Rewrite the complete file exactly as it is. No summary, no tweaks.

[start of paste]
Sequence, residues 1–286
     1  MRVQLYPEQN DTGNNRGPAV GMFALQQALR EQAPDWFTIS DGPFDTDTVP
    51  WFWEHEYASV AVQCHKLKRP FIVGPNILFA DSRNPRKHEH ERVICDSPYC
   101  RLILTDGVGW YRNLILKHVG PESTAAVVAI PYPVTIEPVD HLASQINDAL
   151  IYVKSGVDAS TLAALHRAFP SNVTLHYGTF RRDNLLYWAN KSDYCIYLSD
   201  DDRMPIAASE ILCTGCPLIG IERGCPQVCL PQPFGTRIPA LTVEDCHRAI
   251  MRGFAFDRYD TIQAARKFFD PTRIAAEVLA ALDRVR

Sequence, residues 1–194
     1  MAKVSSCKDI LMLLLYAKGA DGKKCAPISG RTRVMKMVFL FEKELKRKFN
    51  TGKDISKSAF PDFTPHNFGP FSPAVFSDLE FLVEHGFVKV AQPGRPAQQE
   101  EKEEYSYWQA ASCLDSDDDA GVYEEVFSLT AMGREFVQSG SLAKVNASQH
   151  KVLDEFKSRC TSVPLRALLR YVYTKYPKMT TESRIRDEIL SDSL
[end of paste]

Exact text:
Sequence, residues 1–286
     1  MRVQLYPEQN DTGNNRGPAV GMFALQQALR EQAPDWFTIS DGPFDTDTVP
    51  WFWEHEYASV AVQCHKLKRP FIVGPNILFA DSRNPRKHEH ERVICDSPYC
   101  RLILTDGVGW YRNLILKHVG PESTAAVVAI PYPVTIEPVD HLASQINDAL
   151  IYVKSGVDAS TLAALHRAFP SNVTLHYGTF RRDNLLYWAN KSDYCIYLSD
   201  DDRMPIAASE ILCTGCPLIG IERGCPQVCL PQPFGTRIPA LTVEDCHRAI
   251  MRGFAFDRYD TIQAARKFFD PTRIAAEVLA ALDRVR

Sequence, residues 1–194
     1  MAKVSSCKDI LMLLLYAKGA DGKKCAPISG RTRVMKMVFL FEKELKRKFN
    51  TGKDISKSAF PDFTPHNFGP FSPAVFSDLE FLVEHGFVKV AQPGRPAQQE
   101  EKEEYSYWQA ASCLDSDDDA GVYEEVFSLT AMGREFVQSG SLAKVNASQH
   151  KVLDEFKSRC TSVPLRALLR YVYTKYPKMT TESRIRDEIL SDSL